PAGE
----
Recently, the songs of the early morning birds crept into that space between dream and waking as I tried to squeeze a few more minutes of sleep from what had been a restless night. As I slipped into my dreams once again, as often happens in dreams, one of the birds began to speak to me, “Follow me”, he said in his little bird language which amazingly I had no trouble understanding. “Follow me and everything will be all right.” I watched as the wee fellow flew into a dark, narrow cave. “Don’t be afraid,” he continued to chirp. “Follow me.” I took a deep breath and began to follow. I hadn’t gone far when, although still surrounded by impenetrable darkness, I could see sunlight bouncing off the walls ahead. Then, as in any good third-grade story…I woke up.

Once again, the symbolism seemed quite clear to me. My feathered buddy was telling me that as we enter this time of tremendous uncertainty and yes, grief, we should remember that there is the promise of light up ahead. Spring is here and summer is coming and even in the midst of great sorrow, fear, and disappointment there will flowers blooming, trees leafing out, and moments of great joy.

Hey…I’m finally getting good at this symbolism stuff, however, in case the universe is wondering, I’m perfectly happy to simply savor a night of deep, peaceful uninterrupted sleep.

Please be safe, be well, and do what you can to flatten the curve.

Laughing Death in the Face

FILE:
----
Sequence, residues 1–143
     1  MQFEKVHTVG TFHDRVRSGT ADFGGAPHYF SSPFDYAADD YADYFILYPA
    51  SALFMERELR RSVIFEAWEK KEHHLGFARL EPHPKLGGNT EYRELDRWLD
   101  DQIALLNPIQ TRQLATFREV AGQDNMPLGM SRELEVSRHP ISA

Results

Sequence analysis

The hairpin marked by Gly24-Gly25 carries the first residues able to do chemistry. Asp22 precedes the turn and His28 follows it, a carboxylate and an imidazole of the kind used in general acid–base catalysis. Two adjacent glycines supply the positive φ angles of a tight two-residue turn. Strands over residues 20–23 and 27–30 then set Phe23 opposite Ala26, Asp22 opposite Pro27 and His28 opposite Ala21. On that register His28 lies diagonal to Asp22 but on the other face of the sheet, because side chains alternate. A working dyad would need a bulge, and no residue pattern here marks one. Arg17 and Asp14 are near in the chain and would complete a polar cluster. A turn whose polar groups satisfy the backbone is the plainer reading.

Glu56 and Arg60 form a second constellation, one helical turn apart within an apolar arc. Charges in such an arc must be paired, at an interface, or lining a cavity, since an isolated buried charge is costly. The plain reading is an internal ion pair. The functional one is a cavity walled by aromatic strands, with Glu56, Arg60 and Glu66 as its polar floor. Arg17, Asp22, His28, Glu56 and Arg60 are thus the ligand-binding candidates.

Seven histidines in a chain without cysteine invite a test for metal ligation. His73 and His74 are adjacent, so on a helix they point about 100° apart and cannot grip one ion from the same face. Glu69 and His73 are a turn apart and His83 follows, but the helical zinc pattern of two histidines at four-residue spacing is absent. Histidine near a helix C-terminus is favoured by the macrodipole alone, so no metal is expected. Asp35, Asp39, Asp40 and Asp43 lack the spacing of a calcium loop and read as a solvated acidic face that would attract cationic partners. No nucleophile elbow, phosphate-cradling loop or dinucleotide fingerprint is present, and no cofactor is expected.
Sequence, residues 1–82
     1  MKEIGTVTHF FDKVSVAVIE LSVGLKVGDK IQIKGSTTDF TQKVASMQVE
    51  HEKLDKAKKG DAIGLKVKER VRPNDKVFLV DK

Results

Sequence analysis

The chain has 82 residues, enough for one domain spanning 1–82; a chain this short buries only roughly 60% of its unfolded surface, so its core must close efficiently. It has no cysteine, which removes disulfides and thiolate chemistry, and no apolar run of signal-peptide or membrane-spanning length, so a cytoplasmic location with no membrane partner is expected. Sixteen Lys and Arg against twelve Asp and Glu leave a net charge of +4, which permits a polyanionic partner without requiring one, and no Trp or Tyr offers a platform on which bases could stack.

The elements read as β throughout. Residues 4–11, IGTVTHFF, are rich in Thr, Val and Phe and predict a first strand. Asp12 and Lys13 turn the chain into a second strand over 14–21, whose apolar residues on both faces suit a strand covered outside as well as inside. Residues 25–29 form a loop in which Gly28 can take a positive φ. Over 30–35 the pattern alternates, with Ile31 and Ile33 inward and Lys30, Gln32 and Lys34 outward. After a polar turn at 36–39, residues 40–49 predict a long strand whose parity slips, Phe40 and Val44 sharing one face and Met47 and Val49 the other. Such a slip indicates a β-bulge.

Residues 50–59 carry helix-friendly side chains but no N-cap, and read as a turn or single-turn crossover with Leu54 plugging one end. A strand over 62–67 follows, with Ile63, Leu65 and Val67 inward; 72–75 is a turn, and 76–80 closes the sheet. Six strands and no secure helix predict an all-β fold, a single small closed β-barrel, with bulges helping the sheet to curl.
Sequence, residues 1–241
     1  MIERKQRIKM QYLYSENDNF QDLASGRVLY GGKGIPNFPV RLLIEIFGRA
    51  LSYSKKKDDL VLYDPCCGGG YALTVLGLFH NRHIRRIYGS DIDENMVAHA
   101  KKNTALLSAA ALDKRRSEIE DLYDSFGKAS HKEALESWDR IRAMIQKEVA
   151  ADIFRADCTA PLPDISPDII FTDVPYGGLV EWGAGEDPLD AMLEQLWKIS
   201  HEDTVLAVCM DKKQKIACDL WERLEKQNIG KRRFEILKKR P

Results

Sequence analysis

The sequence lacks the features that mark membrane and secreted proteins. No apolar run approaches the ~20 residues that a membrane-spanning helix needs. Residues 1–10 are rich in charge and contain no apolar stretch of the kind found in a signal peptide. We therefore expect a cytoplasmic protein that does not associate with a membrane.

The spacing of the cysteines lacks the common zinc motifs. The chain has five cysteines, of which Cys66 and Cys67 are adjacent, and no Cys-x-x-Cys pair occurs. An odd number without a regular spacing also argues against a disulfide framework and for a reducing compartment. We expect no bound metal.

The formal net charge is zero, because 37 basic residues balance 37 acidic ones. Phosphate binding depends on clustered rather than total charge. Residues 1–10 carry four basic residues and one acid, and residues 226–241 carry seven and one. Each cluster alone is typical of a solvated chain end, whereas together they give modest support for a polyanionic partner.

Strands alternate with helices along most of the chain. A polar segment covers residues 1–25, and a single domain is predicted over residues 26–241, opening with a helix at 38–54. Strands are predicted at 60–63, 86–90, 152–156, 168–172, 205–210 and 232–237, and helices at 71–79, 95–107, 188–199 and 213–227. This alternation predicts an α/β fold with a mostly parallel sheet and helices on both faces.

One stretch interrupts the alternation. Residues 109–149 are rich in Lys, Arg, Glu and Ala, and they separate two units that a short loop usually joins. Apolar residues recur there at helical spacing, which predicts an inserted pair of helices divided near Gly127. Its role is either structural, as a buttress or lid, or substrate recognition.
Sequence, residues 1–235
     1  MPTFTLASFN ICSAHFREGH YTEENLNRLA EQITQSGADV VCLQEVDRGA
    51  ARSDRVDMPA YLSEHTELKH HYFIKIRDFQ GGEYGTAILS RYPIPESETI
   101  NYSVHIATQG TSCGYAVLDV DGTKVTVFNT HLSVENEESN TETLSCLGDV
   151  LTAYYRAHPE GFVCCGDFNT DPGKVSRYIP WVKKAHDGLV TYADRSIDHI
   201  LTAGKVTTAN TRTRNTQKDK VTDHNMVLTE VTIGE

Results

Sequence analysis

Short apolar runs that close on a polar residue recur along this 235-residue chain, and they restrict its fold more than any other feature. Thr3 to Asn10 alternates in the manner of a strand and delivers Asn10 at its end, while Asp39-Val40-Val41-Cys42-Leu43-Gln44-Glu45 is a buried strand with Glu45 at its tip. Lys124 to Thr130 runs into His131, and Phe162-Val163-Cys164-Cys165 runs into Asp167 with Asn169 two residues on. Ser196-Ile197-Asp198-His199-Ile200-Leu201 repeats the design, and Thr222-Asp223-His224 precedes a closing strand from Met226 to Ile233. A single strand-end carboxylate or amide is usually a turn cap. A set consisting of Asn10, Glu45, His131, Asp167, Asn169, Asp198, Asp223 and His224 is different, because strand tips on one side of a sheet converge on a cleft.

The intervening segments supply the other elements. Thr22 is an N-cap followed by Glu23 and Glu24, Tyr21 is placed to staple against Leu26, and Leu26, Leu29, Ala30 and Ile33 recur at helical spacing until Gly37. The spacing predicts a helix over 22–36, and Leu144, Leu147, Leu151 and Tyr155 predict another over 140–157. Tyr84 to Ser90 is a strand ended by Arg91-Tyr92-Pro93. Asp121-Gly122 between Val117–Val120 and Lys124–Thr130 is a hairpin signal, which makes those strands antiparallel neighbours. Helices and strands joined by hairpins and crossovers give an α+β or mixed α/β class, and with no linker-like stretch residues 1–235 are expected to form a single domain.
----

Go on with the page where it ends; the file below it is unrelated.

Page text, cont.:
“Remember me with smiles and laughter, for that is how I will remember you all. If you can only remember me with tears, then don’t remember me at all.”

Michael Landon, Little House on the Prairie

I am becoming quite the movie buff. My new condo is literally only five minutes from the local multiplex and I’ve discovered that going to the movies is a rather enjoyable solo activity. In fact, I’m pleasantly surprised to learn that I almost prefer going by myself. I can decide to go at the last minute, I can sit wherever I choose, no one talks to me during the feature, and if I decide to leave early, there’s no one to disappoint.

Over Thanksgiving weekend, however, I went to the movies with my sister’s family which was great fun. After purchasing our tickets, drinks, and popcorn we moved to the butter and salt station where my nephew showed me a trick he uses for making sure the butter is on all the kernels not just those on the top of the bag. He took an extra straw, put it into the bag, pushed it down near the bottom and then deftly placed it under the spout for the melted butter. As he released the warm liquid into the straw he carefully pulled the straw up through the popcorn and voilà the butter was distributed evenly throughout. Great idea!

Movie Popcorn is the Best!

The next time I ventured off to the movies I thought I’d try the new butter technique. I place the bag of popcorn under the dispenser and then positioned my straw into the bag and aligned it with the spout. It was a tight fit getting my straw in the proper position. It looked easy when my nephew did it, but eventually, I had everything in position and pulled the handle forward and began to fill the bag with rich, creamy butter. It was then I noticed the butter dispenser to my right. I wasn’t aligned with the butter. I was filling my bag of fluffy white popcorn with Vitamin B & C-Pomegranate-SoBe-Water! Yes, the entire bottom of my paper sack was filled with vitamin water!